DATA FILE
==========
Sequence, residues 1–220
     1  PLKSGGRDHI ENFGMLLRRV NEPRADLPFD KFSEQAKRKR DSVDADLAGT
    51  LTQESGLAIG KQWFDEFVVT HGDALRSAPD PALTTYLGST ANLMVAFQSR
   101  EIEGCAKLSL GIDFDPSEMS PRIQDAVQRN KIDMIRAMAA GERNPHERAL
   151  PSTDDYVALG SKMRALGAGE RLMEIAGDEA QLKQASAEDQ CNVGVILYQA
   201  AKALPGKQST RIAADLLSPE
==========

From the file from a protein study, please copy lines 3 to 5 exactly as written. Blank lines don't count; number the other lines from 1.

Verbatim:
    51  LTQESGLAIG KQWFDEFVVT HGDALRSAPD PALTTYLGST ANLMVAFQSR
   101  EIEGCAKLSL GIDFDPSEMS PRIQDAVQRN KIDMIRAMAA GERNPHERAL
   151  PSTDDYVALG SKMRALGAGE RLMEIAGDEA QLKQASAEDQ CNVGVILYQA